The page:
SLOVENIANS IN TASMANIA
Slovenians migrated to Australia at the end of the Second World War. On 6 July 1949 the first Slovenian arrived at Beauty Point in Tasmania. The only method of transportation available to postwar emigrants was by boat, sponsored by the Australian Government. The single migrants were required to contribute one week's work aboard cooking, cleaning and performing other tasks.
In the Brighton Camp the migrants were given accommodation, meals, lessons in English and the opportunity to begin their new life with work offered by companies like the Electrolytic Zinc Works, Hydro-Electric Commission, the Forestry Department and Cadbury. Others worked in butcheries and smallgoods factories. Single men seemed to integrate faster than families.
After the 1960s, once the early arrivals became established with homes of their own, their next goal was to bring out remaining family members. Almost the entire population of one small village emigrated. Very approximately, about sixty Slovenians now resided in Tasmania. By now the single men from the Brighton Camp days had married Australian women and had families of their own. For example, the present author was born Jessie Bridge in Nubeena, Tasmania in 1933. She met Anton Ambroz at a dance hall in Hobart, the Belvedere, and they married in June 1955. Coincidentally they were both employed at the Zinc Works.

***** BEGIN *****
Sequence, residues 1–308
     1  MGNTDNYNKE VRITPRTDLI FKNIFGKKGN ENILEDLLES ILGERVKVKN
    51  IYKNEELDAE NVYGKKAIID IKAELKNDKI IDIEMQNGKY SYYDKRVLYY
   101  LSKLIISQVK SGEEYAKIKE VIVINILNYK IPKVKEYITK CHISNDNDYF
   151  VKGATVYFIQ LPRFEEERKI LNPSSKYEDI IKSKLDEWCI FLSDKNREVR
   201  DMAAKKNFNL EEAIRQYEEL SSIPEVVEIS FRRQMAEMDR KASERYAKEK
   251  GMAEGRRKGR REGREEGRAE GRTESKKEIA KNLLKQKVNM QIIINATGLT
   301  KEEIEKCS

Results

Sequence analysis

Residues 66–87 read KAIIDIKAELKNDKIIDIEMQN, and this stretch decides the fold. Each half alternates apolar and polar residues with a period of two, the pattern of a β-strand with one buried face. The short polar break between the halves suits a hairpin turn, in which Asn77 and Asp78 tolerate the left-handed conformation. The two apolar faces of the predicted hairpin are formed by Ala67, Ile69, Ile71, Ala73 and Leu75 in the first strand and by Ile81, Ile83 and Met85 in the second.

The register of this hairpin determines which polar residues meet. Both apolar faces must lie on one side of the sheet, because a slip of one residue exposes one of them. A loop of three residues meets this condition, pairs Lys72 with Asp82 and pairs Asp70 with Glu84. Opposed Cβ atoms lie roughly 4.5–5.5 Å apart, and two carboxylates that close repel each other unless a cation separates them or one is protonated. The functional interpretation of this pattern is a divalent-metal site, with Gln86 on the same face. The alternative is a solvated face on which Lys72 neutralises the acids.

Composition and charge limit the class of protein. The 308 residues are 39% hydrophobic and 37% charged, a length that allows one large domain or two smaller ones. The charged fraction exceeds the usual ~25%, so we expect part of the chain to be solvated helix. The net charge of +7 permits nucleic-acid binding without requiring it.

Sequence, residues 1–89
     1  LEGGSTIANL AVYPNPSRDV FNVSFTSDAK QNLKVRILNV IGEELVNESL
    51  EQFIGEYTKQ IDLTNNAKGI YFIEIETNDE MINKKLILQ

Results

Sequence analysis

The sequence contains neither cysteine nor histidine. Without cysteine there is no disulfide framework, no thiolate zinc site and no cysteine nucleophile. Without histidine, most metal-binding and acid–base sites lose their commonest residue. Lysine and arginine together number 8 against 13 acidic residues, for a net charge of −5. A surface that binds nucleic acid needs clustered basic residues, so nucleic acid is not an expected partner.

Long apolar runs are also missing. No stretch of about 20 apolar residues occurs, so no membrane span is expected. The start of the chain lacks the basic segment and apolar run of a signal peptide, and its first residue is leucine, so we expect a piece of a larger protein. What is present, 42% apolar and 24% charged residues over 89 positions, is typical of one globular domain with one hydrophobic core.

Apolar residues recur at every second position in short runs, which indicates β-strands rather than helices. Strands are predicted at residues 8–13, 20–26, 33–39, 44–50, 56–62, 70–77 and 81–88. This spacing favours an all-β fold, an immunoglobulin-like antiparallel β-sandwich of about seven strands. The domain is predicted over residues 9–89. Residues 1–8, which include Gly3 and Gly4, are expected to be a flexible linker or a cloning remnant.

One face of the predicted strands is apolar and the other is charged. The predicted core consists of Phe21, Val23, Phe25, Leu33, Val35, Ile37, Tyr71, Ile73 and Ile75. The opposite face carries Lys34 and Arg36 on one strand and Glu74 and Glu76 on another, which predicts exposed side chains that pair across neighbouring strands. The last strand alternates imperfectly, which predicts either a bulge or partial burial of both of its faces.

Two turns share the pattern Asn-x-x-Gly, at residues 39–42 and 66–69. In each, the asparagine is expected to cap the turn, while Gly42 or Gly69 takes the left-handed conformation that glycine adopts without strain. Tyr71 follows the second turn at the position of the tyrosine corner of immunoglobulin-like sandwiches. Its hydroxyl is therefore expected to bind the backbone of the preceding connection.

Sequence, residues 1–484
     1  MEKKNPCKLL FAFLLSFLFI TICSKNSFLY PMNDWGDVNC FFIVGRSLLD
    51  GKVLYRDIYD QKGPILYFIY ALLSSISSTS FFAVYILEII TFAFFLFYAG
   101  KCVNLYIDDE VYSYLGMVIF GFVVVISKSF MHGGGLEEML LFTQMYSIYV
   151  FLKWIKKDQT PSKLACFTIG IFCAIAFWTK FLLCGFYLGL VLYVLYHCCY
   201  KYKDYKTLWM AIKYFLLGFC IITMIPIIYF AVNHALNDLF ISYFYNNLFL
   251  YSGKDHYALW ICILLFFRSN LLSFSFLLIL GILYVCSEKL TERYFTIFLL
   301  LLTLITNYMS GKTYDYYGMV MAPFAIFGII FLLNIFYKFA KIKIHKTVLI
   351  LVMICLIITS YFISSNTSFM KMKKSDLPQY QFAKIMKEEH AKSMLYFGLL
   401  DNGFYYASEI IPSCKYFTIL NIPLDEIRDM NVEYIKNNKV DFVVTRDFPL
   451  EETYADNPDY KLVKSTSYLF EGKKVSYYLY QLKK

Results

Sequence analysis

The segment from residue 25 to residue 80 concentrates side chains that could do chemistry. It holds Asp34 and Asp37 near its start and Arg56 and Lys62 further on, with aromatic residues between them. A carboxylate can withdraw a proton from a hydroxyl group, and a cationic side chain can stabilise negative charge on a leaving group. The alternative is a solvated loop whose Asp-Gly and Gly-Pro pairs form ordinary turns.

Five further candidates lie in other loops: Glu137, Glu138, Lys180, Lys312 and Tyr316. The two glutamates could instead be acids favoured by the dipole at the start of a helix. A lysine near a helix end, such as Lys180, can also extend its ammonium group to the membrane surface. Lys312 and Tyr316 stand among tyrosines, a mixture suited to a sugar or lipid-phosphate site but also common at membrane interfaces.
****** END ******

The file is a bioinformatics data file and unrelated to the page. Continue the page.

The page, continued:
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The Slovenian community in Tasmania is small, but they meet in Hobart at some occassions for celebrations and at the special events.
ROLE OF CHURCH
Melbourne Slovenian Franciscans: Fr Basil Valentin OFM MBE, Fr Tone Gorjup OFM, Fr Metod Ogorevc OFM, and Fr Cyril A. Božič OFM OAM came annually to say Mass in Slovenian language which was held at the Croatian chapel in Granton.